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PATENT REFORM’S IMPACT ON INDEPENDENT INVENTORS

by | Sep 12, 2011 | Patent | 0 comments

It is anticipated that President Obama will soon sign into law the most sweeping change that U.S. patent law has seen in a very long time, certainly during the careers of most current patent practitioners.

Among other things, the America Invents Act, H.R. 1249, will generally establish a first-to-file system to replace the current first-to-invent system, bringing U.S. law closer to that of other jurisdictions around the world.
 
While there have been strong opinions on both sides of the debate regarding whether the changes will ultimately help or hurt independentinventors (and small businesses, for that matter), at least one welcome change will be the addition of a new tier of reduced fees for “micro entities.” This provision and some others should take effect soon after enactment, whereas many other aspects of the Act are not slated to go into effect for at least one year, and in some specific instances, until another year and a half (i.e., in early 2013).
 
Subject to a particular format, the Act will also permit online “virtual marking” of a patented article, which in some cases may make it easer for patent owners to qualify for the option of pursuing monetary remedies against infringers, which generally requires fair notice to the public via patent marking. The Act will also exempt from liability the false virtual marking of expired patents that had once legitimately covered corresponding virtually-marked product(s).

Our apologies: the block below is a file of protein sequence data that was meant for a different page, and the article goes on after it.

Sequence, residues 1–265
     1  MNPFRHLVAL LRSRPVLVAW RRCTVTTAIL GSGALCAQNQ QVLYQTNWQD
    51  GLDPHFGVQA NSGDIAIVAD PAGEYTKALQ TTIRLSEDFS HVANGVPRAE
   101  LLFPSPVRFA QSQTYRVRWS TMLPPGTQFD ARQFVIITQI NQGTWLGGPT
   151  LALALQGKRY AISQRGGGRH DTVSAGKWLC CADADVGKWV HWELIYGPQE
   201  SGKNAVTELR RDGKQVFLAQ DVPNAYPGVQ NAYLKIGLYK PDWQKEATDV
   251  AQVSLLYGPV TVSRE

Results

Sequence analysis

The Act will also support the establishment of pro bono programs across the country to assist financially under-resourced independent inventors and small businesses.
 
Looking ahead, some relatively inexpensive – and previously unavailable – options for challenging and/or protesting the patent applications of others will come into play. For instance, any person, at any time, will be able to submit “prior art” bearing on the patentability of a claim. In addition, a nine-month post-grant review period will also be available for non-applicants to challenge the claims of a newly issued patent.    
 
For more information on the status and text of H.R. 1249, click here.